SILENTLY WITHIN YOUR SHADOW, 14min, UK, Horror/Thriller
Directed by Scott Lyus
As their relationship grows, Lucette’s obsession for ventriloquism and her dummy Hugo starts to strain her relationship with Jace. To Lucette Hugo is more than just a dummy, he’s her best friend and represents her ambition as an artist, to her, he’s very much real.
Read review by Amanda Lomonaco:
I have to admit to having a lot of mixed feeling about Scott Lyus’ imaginative short. Like a lot of other films in the February lineup for WILDSound, Silently Within Your Shadow played on an already familiar storyline, and added its own interesting twist to the tale. Nevertheless, I had a difficult time immersing myself into the story of the film, for a number of reasons.
First and foremost, I have a slight bias against ventriloquist doll or other doll related horror films. For one nothing, in my mind, will ever beat R. L. Stine’s brilliant stories, aside from the hilarity that is the entire Chucky series. Moreover, whenever I see a horror movie doll my heart feels immediately torn between a slight feeling of distaste and an anjoyment of all cinematic things that compel me to squirm in my seat.
The performances in Silently Within Your Shadow also threw me off a little. I wouldn’t go so far as to criticise any of the actors too harshly for their work, but there were definite points in this short where I wasn’t quite buying what was going on. My uncertainty, however, stems from the fact that I couldn’t quite tell if my disbelief was based purely on the acting, or from the written dialogue itself. While the storyline for Lyus’ film twisted a well-known story in a refreshing way, the dialogue itself felt like it could have used a little more polished to seem more natural.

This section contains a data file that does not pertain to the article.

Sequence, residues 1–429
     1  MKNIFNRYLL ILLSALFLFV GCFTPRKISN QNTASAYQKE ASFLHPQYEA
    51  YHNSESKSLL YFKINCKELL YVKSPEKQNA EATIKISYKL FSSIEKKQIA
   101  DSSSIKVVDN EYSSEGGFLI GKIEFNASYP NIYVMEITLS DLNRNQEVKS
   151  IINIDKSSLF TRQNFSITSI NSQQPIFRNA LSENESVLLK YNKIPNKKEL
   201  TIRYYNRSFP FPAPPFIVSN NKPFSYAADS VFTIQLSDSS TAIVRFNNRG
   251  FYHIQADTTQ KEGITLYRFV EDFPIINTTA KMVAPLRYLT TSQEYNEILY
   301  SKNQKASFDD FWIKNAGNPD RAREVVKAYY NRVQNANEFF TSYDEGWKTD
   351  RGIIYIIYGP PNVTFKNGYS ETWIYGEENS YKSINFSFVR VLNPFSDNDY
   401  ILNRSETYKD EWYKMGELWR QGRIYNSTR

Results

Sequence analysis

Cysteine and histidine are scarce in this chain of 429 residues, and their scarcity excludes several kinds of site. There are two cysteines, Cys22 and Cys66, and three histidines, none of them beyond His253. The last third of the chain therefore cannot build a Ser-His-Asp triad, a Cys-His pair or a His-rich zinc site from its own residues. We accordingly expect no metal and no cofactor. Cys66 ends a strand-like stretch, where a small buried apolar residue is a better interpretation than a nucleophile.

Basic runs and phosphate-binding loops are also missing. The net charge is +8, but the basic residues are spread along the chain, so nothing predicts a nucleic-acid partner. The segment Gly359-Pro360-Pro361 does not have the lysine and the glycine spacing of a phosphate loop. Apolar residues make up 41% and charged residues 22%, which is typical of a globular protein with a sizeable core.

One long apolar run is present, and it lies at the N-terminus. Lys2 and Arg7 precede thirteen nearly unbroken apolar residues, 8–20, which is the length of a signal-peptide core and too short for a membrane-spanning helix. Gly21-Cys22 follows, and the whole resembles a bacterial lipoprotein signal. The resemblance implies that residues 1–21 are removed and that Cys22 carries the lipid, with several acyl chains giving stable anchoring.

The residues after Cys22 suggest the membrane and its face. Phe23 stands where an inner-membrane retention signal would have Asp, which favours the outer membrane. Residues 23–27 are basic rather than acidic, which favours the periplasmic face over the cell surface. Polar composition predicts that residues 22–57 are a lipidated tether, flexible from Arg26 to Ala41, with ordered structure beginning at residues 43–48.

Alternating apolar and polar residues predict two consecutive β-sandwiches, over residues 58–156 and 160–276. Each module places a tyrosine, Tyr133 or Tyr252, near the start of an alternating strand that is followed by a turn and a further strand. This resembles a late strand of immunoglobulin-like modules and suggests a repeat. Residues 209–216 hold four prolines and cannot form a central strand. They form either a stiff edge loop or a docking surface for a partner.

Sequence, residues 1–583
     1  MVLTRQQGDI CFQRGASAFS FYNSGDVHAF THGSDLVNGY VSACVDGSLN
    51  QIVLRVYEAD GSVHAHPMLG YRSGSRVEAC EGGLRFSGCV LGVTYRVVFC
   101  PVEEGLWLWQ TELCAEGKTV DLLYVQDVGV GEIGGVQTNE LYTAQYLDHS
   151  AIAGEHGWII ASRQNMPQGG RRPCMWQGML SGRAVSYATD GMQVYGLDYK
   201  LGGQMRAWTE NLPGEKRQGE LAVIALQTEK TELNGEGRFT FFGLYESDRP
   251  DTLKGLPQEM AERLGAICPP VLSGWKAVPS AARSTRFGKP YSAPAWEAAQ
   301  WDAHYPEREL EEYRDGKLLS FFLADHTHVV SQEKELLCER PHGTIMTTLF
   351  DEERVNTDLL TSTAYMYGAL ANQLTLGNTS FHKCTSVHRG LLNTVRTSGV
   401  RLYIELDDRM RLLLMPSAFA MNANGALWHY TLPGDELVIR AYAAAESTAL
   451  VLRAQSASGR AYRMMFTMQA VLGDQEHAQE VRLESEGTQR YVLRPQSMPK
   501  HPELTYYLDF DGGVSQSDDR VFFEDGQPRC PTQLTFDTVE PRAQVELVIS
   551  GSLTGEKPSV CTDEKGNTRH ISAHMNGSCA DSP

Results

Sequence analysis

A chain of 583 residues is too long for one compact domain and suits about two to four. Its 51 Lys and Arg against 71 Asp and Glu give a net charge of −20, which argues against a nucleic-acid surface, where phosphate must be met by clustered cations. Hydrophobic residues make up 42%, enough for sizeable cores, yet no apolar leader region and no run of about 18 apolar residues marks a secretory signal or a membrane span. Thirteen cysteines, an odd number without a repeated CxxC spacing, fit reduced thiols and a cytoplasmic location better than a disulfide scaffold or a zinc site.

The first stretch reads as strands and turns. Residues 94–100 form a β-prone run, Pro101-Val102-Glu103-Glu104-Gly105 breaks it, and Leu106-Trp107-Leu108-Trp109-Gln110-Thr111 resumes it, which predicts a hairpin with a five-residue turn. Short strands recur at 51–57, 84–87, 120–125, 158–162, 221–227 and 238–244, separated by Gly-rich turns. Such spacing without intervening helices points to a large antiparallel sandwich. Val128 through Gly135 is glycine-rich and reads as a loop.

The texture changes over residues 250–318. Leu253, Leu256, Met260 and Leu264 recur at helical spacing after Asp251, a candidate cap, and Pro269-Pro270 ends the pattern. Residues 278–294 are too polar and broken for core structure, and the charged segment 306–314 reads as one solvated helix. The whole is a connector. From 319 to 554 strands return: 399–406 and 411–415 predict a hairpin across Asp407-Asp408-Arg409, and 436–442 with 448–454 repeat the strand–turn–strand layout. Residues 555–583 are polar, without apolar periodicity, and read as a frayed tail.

From personal experience doll-based horror films are something people have quite strong feelings about. Or perhaps that’s just me projecting. In any case, Lyus’ short was one of the few independently produced doll-horrors that have pleasantly surprised me. Regardless of how you might feel about these films there is one valuable lesson we can get from them; be wary of ventriloquist dummies and the people who play with them.